When she meets Santana, a boy who she has to wait with outside school every day while she waits for her mother or father to pick her up, she is determined not to become friends with him. She tries to stay away from him, to ignore him, to shut him out of her life, but little by little, he makes his way in. Little by little, she wonders what it would be like to have him in her life, as a friend. She’s never really had a friend, and from past experiences, she is afraid of what could happen if she went with it.
When a girl at school starts trying to talk to her, and she starts to have small bonding moments with her mother, she can’t handle it – she is determined to commit suicide and doesn’t want to have anyone close to her that might make her change her mind. She tries to pull back, but she secretly craves having friends, a family who understands, and maybe a boyfriend who likes her for who she is. But as her date continues to count down every day when she logs onto Through the Light, she gets more and more confused.
So what did I really like about this book? I loved the whole premise about the Through the Light website. I’ve read a lot of other books about depression and suicide, but I think this is a unique take on such a dark and hard to talk about subject. I’m not saying I wish this was a real website (because there are no words for how much I hope something like this does not exist), I just think that it really added something into the book that I haven’t seen before.
I also loved Santana’s character. He was fun, and he tried so hard to get Daelyn’s attention and become her friend. While she fought him off and tried to get him to stay away from her, he just kept trying, doing whatever he could to get her to talk to him.
The one major problem that I had with this book was Daelyn’s character. I just couldn’t connect to her, at all, and I kind of felt like her personality was kind of flat. I wished there had been more to her, and maybe I wish her character would have been written in a better way. As someone who has suffered from severe depression for years, I know what it feels like to want to cut everyone off and isolate yourself, so that wasn’t what I disliked about her so much. It’s actually hard to pinpoint exactly what it was, but I just felt like the author could have done a better job of writing her character than she did. I was just indifferent towards Daelyn.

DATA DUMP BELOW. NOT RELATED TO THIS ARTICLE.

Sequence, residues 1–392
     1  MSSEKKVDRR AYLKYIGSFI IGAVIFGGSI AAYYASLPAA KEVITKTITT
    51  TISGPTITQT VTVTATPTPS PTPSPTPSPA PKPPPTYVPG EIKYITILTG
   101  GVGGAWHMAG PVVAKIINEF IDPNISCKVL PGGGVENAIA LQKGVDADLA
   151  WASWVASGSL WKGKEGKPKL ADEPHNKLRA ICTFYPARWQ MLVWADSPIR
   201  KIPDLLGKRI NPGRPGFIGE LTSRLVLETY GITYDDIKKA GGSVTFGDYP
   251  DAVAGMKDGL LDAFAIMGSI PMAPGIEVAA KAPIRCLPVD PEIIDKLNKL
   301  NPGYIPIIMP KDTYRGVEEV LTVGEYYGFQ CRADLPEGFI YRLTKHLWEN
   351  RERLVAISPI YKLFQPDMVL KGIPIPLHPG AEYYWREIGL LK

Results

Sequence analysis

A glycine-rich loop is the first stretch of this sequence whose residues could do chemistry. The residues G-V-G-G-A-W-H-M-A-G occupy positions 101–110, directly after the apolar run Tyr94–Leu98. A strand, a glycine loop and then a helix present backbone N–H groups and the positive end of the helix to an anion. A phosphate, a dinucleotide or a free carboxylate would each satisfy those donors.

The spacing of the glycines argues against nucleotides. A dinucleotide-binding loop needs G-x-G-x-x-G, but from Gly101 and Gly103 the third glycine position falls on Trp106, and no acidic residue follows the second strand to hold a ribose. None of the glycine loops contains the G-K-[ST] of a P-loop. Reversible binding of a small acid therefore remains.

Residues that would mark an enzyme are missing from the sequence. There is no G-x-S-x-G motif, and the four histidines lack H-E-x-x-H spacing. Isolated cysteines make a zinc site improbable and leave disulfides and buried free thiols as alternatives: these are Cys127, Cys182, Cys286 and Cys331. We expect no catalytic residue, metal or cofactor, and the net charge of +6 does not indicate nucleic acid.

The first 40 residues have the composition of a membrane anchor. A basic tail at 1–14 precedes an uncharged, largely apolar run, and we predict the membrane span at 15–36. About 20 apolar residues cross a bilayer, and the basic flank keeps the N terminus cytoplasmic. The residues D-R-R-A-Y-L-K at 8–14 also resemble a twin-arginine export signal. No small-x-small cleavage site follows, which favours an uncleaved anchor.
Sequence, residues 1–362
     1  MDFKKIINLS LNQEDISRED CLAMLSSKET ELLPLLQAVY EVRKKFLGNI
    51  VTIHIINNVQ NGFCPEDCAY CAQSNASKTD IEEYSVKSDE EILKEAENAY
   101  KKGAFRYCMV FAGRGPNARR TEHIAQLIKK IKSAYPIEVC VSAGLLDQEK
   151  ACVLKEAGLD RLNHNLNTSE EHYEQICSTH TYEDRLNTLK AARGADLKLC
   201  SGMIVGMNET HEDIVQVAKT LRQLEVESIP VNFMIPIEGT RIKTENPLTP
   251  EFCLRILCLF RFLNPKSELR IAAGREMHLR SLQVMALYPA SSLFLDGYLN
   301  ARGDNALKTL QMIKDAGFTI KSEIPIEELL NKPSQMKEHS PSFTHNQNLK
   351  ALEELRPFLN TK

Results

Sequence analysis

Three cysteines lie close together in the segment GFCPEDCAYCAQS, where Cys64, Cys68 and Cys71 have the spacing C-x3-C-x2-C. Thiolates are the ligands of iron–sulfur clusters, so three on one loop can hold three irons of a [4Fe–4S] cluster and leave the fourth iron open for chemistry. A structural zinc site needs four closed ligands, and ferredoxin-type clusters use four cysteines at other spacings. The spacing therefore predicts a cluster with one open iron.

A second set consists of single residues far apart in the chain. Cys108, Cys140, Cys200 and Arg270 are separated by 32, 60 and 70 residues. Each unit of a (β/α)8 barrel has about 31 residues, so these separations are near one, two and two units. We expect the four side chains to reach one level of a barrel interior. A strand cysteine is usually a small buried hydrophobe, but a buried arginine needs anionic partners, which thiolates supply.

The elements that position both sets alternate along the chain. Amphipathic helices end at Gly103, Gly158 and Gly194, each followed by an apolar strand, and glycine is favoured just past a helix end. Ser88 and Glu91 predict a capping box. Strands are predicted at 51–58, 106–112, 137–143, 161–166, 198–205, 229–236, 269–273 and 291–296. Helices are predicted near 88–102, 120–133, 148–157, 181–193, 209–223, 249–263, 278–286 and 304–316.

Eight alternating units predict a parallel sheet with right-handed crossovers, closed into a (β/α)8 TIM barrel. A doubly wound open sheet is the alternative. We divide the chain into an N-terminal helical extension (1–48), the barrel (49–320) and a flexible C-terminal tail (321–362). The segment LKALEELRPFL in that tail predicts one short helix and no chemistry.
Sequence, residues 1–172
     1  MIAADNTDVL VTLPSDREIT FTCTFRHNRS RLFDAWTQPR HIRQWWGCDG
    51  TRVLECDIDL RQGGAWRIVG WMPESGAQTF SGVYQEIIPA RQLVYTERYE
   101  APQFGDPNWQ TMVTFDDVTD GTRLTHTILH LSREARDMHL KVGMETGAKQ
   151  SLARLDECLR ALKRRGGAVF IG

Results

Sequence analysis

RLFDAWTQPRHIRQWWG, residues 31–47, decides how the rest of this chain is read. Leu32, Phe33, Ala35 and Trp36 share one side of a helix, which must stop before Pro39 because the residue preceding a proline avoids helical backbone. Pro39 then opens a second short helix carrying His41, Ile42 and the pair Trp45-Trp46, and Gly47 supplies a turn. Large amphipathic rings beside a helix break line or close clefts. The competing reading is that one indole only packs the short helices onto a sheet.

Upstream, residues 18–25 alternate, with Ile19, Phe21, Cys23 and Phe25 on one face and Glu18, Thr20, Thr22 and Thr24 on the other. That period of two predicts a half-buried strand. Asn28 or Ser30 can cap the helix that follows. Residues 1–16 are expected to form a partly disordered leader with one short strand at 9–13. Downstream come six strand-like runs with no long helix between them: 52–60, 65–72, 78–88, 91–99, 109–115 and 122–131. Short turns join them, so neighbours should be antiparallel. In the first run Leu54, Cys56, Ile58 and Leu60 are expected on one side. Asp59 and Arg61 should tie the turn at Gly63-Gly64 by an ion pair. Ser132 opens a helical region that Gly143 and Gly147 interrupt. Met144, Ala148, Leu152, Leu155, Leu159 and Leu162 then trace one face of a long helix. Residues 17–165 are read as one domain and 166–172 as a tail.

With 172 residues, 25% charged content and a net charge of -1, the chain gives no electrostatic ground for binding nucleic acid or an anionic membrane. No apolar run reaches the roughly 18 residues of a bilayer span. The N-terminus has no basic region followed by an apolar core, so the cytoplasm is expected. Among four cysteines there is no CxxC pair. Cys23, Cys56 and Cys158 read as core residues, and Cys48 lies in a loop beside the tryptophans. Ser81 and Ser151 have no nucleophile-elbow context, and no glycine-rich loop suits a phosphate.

The fact that Daelyn’s parents hovered and cared for her was nice – I see the whole absent parent syndrome a lot in YA and this was a nice breath of fresh air. Her mom wasn’t really the nicest person on earth, constantly making jabs at Daelyn’s weight and asking her why she never even bothered trying. I really disliked that. It was honestly quite appalling. Her dad monitored her computer usage and her parents worked to make sure she was never alone and that she always took her pills, so it was obvious that they cared about her, but their relationship with Daelyn just seemed strained.
Potential Spoiler Alert!
The ending of this book also threw me for a real loop. If you know me, you know that I’m not a fan of open endings, which is more or less what this book has to offer. There isn’t a nicely wrapped package all tied up with a bow, but rather it’s a lot more open ended than usual and I really disliked it. In fact, the ending itself caused me to take a whole star off my rating. It’s the kind of ending that’s going to bother me for ages, and I wished it had been even a little more clearer than it was. I really hate endings that leave a book feeling almost unfinished.
All in all, I think this book was a really interesting read that offered a look at depression and suicide that we might not have seen before. It’s different, yes, and while I think it’s worth a read, it didn’t live up to my hype as much as I had hoped it would.